“It’s not selfish to love yourself, take care of yourself, and to make your happiness a priority. It’s necessary,” said Mandy Hale. This is an important quote dedicated to how self-care and the notion of performing acts of radical self-love is not a selfish act. It is important for your growth and development. Self-care and self-love have been mentioned and discussed in countless conversations during COVID-19. But, what does self-care actually mean? Self-care is the practice of taking the time and action to preserve or improve one’s own health. Think about how you practice self-care. What does that look like for you? We will be exploring the different ways you can approach and practice self-care while you are attending a music festival. 

A music festival can be a lively and spirited experience, but can also be an overwhelming and emotional one at that. It is important for you to always constantly check in with yourself at an event to make sure you are practicing self-care. Sometimes, you can get so caught up in the celebration of music and community that you forget to make sure you are satisfying your needs. If you tend to forget to set time aside for self-care, create something like a “self-care break.” Maybe schedule time during the music festival to just focus on yourself and address what you need, so you can have the best possible time. If you are attending a music festival with someone, or a group of people, make it a goal to support one another throughout the day.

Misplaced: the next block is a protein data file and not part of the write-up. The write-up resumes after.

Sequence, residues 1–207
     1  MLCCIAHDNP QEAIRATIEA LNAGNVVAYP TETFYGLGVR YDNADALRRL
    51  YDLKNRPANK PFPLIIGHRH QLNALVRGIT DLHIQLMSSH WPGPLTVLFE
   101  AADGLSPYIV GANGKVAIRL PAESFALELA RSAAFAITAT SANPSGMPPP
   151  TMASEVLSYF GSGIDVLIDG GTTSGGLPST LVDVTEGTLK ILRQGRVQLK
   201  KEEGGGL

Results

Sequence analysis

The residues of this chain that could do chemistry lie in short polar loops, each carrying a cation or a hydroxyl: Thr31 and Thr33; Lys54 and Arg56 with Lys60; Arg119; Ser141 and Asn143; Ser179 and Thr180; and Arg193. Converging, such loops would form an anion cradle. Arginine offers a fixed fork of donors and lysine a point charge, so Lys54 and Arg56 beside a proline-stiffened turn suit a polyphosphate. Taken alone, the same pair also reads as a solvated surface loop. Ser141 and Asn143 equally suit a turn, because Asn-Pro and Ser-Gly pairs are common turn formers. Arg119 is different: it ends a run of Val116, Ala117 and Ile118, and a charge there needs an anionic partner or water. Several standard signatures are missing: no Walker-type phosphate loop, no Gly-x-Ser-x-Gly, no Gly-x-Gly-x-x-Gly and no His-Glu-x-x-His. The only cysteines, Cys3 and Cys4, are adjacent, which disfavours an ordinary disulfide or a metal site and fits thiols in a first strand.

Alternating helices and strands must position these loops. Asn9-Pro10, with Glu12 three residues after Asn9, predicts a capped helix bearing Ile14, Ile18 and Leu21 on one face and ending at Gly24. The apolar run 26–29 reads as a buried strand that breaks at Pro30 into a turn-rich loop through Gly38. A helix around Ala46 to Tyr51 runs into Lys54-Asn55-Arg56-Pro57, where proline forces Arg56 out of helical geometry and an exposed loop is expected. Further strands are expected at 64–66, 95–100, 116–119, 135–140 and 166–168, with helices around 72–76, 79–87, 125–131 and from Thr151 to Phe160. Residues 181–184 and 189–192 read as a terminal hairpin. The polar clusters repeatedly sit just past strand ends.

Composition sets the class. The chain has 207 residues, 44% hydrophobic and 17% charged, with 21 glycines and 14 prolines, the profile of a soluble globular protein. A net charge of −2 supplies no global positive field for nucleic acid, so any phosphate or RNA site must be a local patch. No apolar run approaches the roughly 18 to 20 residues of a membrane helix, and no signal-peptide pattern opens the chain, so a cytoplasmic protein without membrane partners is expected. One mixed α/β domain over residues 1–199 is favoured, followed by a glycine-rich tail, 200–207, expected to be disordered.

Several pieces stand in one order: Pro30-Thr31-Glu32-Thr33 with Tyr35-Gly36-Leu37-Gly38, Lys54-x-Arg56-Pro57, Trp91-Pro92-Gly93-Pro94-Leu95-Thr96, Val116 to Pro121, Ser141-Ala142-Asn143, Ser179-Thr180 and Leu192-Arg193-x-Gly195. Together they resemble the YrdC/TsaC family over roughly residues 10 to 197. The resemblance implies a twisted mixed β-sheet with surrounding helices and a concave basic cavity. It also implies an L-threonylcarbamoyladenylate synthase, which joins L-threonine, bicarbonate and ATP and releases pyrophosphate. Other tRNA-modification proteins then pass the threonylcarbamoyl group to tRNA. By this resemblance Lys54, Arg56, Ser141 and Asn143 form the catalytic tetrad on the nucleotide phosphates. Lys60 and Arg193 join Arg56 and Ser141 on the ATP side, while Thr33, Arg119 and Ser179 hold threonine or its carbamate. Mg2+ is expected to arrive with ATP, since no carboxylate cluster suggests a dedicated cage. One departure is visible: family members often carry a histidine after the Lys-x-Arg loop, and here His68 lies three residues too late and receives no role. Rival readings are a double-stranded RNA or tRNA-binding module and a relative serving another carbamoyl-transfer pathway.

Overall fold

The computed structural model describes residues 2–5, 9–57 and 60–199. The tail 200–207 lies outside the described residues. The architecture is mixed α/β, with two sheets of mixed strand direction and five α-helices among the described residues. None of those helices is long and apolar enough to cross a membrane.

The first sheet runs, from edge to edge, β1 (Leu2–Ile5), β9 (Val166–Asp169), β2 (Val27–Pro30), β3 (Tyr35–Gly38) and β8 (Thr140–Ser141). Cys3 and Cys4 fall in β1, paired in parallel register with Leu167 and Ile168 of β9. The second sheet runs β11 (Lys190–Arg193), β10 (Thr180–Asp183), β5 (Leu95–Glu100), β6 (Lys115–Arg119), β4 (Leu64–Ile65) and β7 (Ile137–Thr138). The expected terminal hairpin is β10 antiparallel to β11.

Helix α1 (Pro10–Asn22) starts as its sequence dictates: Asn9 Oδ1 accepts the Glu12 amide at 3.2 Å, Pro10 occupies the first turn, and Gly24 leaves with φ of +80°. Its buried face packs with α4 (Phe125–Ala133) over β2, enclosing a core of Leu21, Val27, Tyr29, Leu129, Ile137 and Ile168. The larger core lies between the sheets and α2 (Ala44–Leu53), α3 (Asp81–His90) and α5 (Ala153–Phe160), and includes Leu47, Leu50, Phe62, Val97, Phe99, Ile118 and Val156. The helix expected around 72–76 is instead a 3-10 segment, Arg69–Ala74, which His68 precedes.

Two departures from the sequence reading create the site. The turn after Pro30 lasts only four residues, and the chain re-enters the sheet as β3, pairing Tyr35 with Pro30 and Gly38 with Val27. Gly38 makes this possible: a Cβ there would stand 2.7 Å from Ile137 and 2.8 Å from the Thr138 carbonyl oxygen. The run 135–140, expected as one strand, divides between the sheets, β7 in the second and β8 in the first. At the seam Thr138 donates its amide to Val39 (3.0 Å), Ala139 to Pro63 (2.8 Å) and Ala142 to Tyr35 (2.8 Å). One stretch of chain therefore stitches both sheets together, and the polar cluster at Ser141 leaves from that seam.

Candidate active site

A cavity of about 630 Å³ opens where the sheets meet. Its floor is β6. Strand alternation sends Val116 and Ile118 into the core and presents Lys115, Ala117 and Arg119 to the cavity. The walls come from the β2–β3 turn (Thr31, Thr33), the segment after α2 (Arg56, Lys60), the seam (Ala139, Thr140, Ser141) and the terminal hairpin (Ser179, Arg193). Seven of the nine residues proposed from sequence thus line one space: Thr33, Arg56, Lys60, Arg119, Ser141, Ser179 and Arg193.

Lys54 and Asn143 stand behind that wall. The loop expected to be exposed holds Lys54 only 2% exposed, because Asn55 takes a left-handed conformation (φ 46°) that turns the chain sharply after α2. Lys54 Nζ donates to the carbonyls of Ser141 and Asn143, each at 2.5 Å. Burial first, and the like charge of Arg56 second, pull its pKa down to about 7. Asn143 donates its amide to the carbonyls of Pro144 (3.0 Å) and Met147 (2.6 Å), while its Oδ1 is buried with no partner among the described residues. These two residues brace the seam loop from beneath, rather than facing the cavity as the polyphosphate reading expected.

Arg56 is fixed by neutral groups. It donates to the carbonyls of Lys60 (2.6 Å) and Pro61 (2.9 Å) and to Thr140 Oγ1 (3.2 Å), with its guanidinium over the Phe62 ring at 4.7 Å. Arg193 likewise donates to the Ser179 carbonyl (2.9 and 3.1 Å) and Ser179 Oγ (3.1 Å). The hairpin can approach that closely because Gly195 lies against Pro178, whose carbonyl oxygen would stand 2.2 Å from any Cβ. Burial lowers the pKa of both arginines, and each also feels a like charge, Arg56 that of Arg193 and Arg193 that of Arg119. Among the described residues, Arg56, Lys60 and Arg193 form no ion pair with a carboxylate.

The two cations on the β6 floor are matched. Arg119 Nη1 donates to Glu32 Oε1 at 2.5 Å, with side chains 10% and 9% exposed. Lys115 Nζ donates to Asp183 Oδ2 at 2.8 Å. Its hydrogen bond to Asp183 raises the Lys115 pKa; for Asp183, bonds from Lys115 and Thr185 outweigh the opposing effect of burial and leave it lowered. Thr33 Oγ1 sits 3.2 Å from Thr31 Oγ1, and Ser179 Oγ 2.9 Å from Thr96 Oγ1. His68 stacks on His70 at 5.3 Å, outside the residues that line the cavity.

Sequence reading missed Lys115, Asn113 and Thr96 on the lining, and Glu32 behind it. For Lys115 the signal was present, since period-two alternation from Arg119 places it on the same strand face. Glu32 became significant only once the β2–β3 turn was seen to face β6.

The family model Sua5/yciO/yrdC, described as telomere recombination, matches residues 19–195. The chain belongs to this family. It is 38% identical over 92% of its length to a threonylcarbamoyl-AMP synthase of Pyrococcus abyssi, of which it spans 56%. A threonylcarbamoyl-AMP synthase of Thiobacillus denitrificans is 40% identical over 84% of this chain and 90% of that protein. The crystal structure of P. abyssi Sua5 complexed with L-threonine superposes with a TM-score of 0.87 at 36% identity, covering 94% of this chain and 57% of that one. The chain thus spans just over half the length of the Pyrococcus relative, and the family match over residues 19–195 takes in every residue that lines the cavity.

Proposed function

Self-care is not just about the mental or emotional aspect of your being. Self-care is a holistic practice dedicated to the mind, body, and spirit. What relaxes you throughout the day? Is it meditating, journaling, reading, listening to music, etc.? These are the things to consider when you are attending a music festival. It may be important for you to take yourself out of the musical space for a while. It may be a challenge to find a completely quiet space, but finding a somewhat quiet place to be in your own space. This may give you the opportunity to reflect on your thoughts and feelings. 

Reflection looks differently to everyone. You may consider meditating, journaling, listening to soundscapes, talking with someone, or reading. Make sure you are always hydrated and feeling well enough to continue attending the festival. If you begin to feel worse than you usually feel, you should visit one of the First Aid Centers for medical attention/support. You do not want a medical condition to go unaddressed. Lastly, it is important to be one with your emotions. How are you feeling? Is the music making you emotional or even triggering you in some fashion? It is important to recognize your emotions so they don’t escalate. 

Overall, self-care and self-love are important for your experience at a music festival and honestly, everywhere. Everyone has their own unique style for practicing self-care. Have fun learning what works for you. Happy self-caring and self-loving music lovers!

This post was written by Accessible Festivals’ intern Zane Landin. Zane is a Communication (Public Relations) student at Cal Poly Pomona with a passion for mental health access, disability rights, and diversity and inclusion.